Academic journal article Journal of Business and Entrepreneurship

An Examination of the Job Market for Entrepreneurship Faculty from 1989 to 2014

Academic journal article Journal of Business and Entrepreneurship

An Examination of the Job Market for Entrepreneurship Faculty from 1989 to 2014

Article excerpt


This article examines faculty trends within the field of entrepreneurship. It comes at a very important time to candidates and Schools of Business and Management. Entrepreneurship is no longer a young and emerging academic discipline. It has become increasingly popular and more competitive. As such, it is vital that faculty seeking jobs in the global market understand the past and current trends that are happening so they can maximize their career paths. Likewise, Schools of Business and Management should take notice of the findings to understand the competitive landscape when they seek candidates and potential doctoral candidates.

This study comes during a time of slow recovery from the worst economic event since the Great Depression of 1929. The world is now in its five year of recovery since the bottom of the Great Recession in March, 2009. Globally, we are still undergoing deleveraging, which could last anywhere from 10-15 years since 2009.

The trends within higher education are troublesome. The cost of higher education is enormous with students coming out of schools with a huge debt burden. According to, the average amount of student loan debt for those leaving a US college with an undergraduate degree in 2012 was $29,400 (Ellis, 2013). Mitchell (2014) reported that the median debt for graduate students at the end of 2012 was $57,600, 43% higher than 2004. As of April, 2014 the US debt clock (see http://www.usdebtclock.or8/) showed that the total amount of student loan debt owed in the US was approximately $1,286 trillion and student loan debt has surpassed both credit card and auto debt in the US. Furthermore, state funding for higher education has decreased by 28% from 2008 to 2013.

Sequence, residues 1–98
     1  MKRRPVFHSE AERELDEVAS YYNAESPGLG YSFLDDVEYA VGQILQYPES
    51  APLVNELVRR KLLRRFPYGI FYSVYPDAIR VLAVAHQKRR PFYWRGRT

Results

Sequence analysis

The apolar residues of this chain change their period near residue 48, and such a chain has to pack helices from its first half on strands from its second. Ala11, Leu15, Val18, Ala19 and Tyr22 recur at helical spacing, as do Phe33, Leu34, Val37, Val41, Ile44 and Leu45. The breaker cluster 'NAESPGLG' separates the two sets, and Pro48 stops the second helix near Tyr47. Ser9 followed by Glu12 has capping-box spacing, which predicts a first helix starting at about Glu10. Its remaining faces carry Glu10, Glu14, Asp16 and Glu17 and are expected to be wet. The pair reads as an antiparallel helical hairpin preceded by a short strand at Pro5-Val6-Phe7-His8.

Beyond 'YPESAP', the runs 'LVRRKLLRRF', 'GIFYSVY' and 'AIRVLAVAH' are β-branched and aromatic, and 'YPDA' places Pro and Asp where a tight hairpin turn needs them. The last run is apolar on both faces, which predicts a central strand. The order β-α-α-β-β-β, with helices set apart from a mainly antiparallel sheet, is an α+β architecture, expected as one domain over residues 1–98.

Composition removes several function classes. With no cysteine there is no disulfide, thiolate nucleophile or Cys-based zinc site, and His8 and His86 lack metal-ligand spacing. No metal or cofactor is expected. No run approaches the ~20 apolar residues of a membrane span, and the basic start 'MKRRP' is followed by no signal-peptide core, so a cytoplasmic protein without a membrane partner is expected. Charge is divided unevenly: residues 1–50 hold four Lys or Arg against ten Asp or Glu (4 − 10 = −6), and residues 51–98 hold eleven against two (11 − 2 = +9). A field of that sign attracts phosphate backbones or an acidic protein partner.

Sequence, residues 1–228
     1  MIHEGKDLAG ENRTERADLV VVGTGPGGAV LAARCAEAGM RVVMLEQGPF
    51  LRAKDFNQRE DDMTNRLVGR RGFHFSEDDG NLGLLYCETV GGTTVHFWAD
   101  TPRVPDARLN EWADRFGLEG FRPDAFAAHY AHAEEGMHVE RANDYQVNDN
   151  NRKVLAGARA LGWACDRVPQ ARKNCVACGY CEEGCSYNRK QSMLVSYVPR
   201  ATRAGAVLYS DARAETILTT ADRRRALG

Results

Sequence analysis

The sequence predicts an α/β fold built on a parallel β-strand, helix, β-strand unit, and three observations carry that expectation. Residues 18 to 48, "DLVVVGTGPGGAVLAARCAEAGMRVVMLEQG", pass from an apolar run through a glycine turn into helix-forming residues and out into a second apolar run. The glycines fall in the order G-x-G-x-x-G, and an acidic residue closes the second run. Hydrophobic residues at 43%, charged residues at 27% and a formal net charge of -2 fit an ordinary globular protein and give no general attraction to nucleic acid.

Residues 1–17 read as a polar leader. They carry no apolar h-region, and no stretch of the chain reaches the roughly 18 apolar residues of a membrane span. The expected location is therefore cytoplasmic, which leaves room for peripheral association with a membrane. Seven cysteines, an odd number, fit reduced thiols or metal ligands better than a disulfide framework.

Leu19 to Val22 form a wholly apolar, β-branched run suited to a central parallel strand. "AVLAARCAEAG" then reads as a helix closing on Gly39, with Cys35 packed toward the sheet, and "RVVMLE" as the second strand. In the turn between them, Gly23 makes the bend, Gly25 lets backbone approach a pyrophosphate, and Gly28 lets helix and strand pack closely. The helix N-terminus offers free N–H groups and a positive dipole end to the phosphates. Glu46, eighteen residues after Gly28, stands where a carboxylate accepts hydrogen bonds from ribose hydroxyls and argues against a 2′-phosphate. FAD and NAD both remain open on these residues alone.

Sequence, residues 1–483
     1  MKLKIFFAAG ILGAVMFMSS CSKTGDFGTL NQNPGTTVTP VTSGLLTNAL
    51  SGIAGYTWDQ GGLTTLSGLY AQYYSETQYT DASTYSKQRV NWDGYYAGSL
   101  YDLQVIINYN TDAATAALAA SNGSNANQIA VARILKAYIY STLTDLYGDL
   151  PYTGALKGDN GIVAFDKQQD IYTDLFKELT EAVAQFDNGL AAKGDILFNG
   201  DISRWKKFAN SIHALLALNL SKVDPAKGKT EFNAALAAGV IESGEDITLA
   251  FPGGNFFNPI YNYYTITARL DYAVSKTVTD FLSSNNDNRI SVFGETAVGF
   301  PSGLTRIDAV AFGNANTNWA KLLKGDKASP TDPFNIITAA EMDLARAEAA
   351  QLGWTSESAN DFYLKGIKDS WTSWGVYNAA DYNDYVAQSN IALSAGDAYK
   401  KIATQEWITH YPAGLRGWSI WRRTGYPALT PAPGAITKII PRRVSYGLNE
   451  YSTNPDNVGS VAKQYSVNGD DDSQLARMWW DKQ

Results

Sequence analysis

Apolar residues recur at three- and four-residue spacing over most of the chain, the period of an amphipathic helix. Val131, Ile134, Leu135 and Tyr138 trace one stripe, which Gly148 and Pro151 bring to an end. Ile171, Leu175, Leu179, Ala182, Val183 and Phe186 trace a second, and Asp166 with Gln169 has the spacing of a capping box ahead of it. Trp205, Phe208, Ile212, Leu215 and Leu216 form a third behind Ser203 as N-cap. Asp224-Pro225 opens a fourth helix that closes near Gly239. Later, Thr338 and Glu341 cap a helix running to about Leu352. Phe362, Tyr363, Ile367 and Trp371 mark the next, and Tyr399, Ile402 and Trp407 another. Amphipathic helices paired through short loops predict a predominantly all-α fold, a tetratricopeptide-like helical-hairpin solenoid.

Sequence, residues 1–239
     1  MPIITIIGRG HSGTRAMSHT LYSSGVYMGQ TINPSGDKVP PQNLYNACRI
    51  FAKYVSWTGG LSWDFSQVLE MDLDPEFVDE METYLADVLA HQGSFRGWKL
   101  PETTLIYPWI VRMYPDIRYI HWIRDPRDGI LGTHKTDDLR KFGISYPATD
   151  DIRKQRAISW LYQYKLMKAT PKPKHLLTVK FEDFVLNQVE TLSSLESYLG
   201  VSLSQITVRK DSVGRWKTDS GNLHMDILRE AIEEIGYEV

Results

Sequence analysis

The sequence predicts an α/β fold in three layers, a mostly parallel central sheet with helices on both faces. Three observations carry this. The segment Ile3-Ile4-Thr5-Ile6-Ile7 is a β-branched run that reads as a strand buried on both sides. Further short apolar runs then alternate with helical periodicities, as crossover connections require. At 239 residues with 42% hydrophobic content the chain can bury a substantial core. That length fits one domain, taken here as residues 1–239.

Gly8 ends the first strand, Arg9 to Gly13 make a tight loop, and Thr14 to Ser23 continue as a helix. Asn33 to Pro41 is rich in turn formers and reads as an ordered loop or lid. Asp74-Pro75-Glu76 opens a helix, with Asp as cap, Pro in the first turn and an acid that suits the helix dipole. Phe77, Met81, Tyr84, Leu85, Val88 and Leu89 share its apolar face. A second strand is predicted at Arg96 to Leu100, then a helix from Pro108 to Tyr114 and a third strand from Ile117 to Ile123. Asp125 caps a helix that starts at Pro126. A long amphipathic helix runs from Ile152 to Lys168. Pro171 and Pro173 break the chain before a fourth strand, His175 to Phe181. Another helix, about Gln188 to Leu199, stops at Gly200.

Combine this with the potential disruption of the traditional college model by online education or Massive Open Online Courses (MOOCs). A few professors have suggested that traditional, slow moving colleges will lose out to quicker and nimbler colleges that offer these types of educational opportunities. Clayton M. Christensen, a Harvard professor of business strategy, stated in a New York Times that the "bottom 25 percent of every tier" of colleges will disappear or merge in the next 10 to 15 years" (Selingo, 2013). More recently, Richard Lyons, Dean of the University of Califomia-Berkeley School of Business, stated that if the top MBA programs were to put their programs online, up to 50% of all business schools could fail within 5-10 years (Clark, 2014).

Under the backdrop of the changes in higher education, this article investigates changes in the number, level and priority of entrepreneurship positions and candidates from all over the world from 1989/90 to 2013/14. This study examines the institutionalization of the field of entrepreneurship by examining the change in the number and level of entrepreneurship positions, as well as the number, level and training of entrepreneurship candidates from 19892014. One measure of institutional acceptance within the field of entrepreneurship would be the level of demand and supply for tenure track faculty in the field. This study will address the question of the institutionalization of the field by examining the changes in the market for entrepreneurship faculty between the academic years 1989/90 and 2013/14.

Institutional theory argues that organizations operating in institutionalized environments demonstrate that they are acting in a legitimate manner adopting the structures and activities that are perceived to be legitimate by their critical external resource providers (Finkle & Deeds, 2001). In essence by adopting the appropriate structures (institutions) the organization increases its legitimacy and is able to use this legitimacy to increase its support and ensure its survival (Dowling & Pfeffer, 1975; Meyer & Rowan, 1977).

I examine the global faculty trends in the field of entrepreneurship by examining the entire sample of advertised candidates and jobs from 1989-2014. …

Search by... Author
Show... All Results Primary Sources Peer-reviewed


An unknown error has occurred. Please click the button below to reload the page. If the problem persists, please try again in a little while.